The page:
We’re certainly all for the Czech Republic’s willingness to step up to the plate and become a laboratory for drug-policy reform. But in their haste to craft decriminalization legislation that could kick in with the New Year, Czech lawmakers appear to have done a grave disservice to a rising agricultural sector: the cactus industry:
A week ago, the government approved the list of hallucinogenic plants and mushrooms, including hemp, coca, mescaline cactus and magic mushrooms, and decided that people would be allowed to grow up to five pieces of such plants and keep 40 magic mushrooms at home.
Shortly after the list was released, Czech cacti growers voiced concern about the new government’s directive which set limits to growing plants containing mescaline.
Mescaline is a type of hallucinogen which is illegal in most countries.
The growers of cacti intend to hand over a petition to the government that has been signed by 450 people already.
“Many cacti growers have been immediately criminalised with the approval of the limits set by the Justice Ministry as there are some 4000 types of cacti in the world and some of them can contain a certain amount of mescaline,” the organisers of the petition which has been placed on the Internet say.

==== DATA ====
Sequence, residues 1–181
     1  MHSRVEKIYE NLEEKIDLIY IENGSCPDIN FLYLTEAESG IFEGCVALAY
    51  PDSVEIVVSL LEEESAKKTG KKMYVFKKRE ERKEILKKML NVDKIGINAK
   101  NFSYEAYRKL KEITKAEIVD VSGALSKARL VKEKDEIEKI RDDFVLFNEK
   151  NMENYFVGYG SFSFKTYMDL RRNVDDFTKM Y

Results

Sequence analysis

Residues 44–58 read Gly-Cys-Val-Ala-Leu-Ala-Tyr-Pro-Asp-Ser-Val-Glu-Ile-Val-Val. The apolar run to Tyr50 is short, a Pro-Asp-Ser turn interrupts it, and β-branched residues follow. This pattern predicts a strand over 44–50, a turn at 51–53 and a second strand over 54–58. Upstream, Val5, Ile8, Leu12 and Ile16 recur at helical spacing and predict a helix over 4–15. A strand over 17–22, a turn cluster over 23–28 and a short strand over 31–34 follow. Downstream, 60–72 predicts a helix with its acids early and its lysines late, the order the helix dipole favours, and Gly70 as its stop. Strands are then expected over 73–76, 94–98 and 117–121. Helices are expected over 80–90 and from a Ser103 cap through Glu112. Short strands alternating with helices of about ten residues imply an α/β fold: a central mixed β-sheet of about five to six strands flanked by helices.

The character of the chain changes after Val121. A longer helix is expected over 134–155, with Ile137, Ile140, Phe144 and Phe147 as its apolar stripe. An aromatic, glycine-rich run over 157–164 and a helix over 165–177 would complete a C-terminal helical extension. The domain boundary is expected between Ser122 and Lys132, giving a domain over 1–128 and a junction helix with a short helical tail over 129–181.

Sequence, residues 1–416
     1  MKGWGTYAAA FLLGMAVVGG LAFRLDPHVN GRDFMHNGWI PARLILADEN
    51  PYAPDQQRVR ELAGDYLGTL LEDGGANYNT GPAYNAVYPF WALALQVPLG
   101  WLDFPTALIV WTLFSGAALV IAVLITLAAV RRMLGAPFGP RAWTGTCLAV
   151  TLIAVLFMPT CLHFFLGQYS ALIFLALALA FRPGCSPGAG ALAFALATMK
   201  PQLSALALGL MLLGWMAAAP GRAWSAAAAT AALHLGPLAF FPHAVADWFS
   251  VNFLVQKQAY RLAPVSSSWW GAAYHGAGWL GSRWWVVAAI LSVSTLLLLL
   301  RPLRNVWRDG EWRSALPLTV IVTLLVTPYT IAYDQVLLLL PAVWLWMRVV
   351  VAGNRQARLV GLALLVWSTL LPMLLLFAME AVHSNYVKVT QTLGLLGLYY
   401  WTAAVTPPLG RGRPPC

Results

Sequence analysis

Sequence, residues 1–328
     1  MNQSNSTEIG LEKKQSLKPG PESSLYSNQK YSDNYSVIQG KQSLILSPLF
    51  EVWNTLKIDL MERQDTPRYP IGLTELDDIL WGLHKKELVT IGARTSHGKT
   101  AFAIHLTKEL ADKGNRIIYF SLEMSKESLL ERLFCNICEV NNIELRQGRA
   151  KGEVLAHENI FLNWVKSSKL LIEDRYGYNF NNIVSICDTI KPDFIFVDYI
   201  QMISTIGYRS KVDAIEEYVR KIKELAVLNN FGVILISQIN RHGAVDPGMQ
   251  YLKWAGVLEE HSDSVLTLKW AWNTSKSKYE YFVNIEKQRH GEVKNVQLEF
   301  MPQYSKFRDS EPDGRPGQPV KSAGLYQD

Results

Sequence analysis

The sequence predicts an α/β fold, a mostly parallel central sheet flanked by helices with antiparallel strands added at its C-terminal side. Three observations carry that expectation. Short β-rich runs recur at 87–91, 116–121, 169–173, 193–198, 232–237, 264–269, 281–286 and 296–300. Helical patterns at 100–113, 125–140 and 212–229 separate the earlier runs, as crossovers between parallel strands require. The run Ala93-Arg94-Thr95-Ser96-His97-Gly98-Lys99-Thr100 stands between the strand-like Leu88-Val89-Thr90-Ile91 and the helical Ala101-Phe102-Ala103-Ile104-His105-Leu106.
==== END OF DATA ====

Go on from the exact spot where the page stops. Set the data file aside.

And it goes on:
The government has assured cactus farmers that they can apply for exemptions from the rule, but the bureaucratic red tape will doubtless be an impediment to the industry’s growth. And that’s a pity, seeing as how the humble cactus looks poised to have its golden moment as the hog, cow, and chicken feed of the future. Plenty of technical information on that score available via the Chinese company that started the cactus trend. (Delightfully earnest corporate slogan: “Improving your quality of life with cactus.”)
We can’t vouch for the validity of the company’s claims, particularly in terms of cactus feed being better for porcine health than the slop of yore. But if that’s true, will American farmers adopt the practice? Or will the fact that it was created in China give many of them pause? China’s agricultural industry has some black marks against it in recent years, which will make it difficult for the likes of China Kangtai Catcus Bio-tech Inc. to export its technologies.
Seems like a potential opening for the Czechs to swoop in. As soon as we find that cactus petition on The Tubes, we’re signing.